The recent flurry of announcements from the CEA and Sony regarding the new HRA initiative is welcome news. We’re going to have a holiday season of machines capable of exceeding the resolution standard CDs. Here’s the low down on the top-of-the-line hardware that Sony will be pushing this Christmas.
There are two “HDD Audio Players” (the HDD stands for Hard Disk Drive). The first is their tap-of-the-line player with a 500 GB hard drive and built-in amplifier. It supports DSD at both 64 and 128 times 44.1 kHz and the full range of PCM High Definition formats at virtually all of the sample rates (44.1 kHz – 192 kHz) and word lengths (16-24-32-bits). The device also supports WAV, AIFF, FLAC, ALAC, ATRAC Advanced Lossless, ATRAC, MP3, AAC and WMA music file formats. There are not very many files other than a DXD or 384 kHz PCM file that you can’t play on this machine. Bravo!
The HAP-S1/B has a 500 GB internal hard drive for music storage, which should be more than enough to accommodate your catalog of high definition audio files. Those files will be downloaded directly to the device via a WiFi network connection (built-in) or be accessed from external USB drives or memory. The unit comes with a dedicated application for transferring music from your PC or Mac. You simply select your music library and the HAP-S1/B will bring the files to its local storage.
Running the unit happens from the front panel OR through “HDD Audio Remote” for iOS and Android phones and tablets. That means that you can site across the room and drive the player. The graphics and navigation controls will be accessed from the tablet or phone. Very cool. The days of getting up to swap a disc or switch to a different soundfile are behind us.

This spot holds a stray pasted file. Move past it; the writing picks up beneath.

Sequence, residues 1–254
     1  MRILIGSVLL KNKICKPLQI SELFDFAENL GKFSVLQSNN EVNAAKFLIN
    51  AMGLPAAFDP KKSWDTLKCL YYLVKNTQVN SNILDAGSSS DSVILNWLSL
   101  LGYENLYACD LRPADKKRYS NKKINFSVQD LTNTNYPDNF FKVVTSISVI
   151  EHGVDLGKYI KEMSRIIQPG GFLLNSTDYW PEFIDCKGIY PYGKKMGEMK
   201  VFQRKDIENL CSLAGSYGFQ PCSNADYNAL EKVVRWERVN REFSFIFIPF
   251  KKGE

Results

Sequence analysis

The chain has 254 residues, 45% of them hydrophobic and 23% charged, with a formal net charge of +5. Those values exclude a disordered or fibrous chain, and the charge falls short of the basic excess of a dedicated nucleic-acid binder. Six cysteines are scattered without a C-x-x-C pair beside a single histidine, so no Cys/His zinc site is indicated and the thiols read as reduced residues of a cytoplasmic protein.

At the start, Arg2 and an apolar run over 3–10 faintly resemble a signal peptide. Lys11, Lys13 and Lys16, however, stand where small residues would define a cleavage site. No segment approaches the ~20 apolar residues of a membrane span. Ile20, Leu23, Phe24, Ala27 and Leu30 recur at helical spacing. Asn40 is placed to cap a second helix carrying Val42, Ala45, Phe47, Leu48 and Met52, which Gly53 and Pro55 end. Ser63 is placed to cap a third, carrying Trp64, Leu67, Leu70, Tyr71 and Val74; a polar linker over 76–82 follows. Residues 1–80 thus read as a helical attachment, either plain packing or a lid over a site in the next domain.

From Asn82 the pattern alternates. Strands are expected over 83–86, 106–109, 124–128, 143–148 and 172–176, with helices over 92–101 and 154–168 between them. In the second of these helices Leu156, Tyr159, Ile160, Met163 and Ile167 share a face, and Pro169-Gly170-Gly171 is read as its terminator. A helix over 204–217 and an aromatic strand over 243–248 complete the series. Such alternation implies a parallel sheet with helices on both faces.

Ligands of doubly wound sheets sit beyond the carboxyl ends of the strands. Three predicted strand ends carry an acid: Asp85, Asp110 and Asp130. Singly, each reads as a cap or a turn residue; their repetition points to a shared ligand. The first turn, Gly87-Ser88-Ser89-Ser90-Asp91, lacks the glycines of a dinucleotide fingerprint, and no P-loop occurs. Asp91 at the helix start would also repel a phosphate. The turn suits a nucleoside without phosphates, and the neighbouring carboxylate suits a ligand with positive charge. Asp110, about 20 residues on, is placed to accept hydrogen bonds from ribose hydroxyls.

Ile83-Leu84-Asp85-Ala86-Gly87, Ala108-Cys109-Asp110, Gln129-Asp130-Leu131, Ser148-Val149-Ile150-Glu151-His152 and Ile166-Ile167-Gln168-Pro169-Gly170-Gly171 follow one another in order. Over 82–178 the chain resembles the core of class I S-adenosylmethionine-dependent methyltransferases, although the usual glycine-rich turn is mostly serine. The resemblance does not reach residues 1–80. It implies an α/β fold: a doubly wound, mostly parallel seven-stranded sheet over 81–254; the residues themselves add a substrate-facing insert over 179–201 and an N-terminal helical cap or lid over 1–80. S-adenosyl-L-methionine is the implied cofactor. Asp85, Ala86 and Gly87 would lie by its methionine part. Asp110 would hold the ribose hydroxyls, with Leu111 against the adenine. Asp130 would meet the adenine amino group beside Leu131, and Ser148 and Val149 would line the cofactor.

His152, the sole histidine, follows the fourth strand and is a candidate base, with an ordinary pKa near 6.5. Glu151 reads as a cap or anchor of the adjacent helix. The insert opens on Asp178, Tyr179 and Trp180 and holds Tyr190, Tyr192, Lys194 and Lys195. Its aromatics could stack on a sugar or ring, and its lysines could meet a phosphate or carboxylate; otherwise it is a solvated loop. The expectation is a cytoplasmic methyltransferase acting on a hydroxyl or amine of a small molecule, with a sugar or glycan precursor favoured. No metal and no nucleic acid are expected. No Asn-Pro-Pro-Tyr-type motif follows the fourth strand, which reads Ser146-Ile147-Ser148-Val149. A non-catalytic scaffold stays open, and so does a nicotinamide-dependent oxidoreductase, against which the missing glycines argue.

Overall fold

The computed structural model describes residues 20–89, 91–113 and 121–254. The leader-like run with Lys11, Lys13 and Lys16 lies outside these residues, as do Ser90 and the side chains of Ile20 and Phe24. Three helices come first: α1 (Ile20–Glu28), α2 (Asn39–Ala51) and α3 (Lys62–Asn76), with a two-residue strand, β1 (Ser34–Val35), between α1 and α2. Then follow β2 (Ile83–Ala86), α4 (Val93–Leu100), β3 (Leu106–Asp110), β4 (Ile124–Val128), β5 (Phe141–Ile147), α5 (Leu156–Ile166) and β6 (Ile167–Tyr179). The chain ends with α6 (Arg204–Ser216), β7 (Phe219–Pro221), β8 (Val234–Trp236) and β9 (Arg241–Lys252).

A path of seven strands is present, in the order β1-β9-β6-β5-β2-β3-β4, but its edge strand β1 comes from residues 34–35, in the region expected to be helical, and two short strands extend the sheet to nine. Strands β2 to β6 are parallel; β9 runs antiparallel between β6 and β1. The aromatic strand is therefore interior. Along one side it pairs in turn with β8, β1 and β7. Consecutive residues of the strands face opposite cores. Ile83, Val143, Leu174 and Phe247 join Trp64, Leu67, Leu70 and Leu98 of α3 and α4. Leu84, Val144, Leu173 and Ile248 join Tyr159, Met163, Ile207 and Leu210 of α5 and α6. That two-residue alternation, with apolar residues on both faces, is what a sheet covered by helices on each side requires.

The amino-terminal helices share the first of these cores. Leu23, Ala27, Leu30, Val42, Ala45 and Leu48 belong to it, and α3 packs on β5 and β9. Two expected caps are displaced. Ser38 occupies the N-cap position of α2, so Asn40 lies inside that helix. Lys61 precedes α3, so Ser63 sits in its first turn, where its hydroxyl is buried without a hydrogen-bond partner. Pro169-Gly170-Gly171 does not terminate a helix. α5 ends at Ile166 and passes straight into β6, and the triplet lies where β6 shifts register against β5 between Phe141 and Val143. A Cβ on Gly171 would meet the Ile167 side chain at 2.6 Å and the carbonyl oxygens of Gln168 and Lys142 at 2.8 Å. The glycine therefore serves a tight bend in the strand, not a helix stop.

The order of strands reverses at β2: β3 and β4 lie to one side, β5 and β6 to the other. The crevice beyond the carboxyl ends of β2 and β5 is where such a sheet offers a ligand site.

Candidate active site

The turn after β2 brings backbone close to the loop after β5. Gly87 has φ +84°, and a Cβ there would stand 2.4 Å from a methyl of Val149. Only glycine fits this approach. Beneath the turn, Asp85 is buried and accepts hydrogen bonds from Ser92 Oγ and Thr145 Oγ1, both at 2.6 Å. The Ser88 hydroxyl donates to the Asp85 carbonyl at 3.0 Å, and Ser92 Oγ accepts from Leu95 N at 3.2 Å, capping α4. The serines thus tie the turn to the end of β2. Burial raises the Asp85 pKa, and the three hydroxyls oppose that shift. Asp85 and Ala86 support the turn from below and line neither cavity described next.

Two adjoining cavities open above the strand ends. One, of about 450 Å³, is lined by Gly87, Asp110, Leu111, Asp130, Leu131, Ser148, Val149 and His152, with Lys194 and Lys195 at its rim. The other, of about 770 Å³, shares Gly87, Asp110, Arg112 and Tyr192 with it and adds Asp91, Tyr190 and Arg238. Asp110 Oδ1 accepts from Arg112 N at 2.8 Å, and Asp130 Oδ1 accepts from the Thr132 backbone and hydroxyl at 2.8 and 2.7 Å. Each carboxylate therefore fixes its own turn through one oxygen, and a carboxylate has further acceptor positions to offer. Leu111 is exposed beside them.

The good folks at Sony are hoping that DSD because as ubiquitous as HD PCM files. The DAC in the HAP-S1/B includes a LPF (Low Pass Filter) to “effectively remove” the high-frequency noise in DSD signals (I applaud their honesty and openness on this issue). They employ four FIR (Finite Impulse Response) digital filters per channel for very accurate clocking. FIR filters are ideal for D/A conversion of DSD signals.
There are plenty of cool electronics to appeal to the audiophile geek in all of us. Heavy-duty capacitors, single point ground structure, a custom designed transformer and a solid chassis contribute to optimal playback specifications. You can count on getting excellent sound from the unit…depending, of course, on what you play back on it.
One of my readers wrote to me asking me whether the HAP-S1/B supports 5.1 or 7.1 surround music playback. Sadly it doesn’t. By looking at the photograph of the back of the unit and reading the specifications tab on the product web page, it’s clear that this is a “traditional” audiophile piece…meaning their is not support for surround music playback.
To say I’m disappointed in this missing feature would be putting it mildly. The perceived difference between a 5.1 track vs. a stereo mix AND a standard definition audio track vs. most “high-resolution tracks” is dramatic. There’s no chance that someone will miss the fact that a surround music presentation is more immersive (taste is another thing) than a stereo mix. But play a great CD for someone and then a HD-Audio file and there’s a fair to good chance that the listener won’t be able to tell the difference.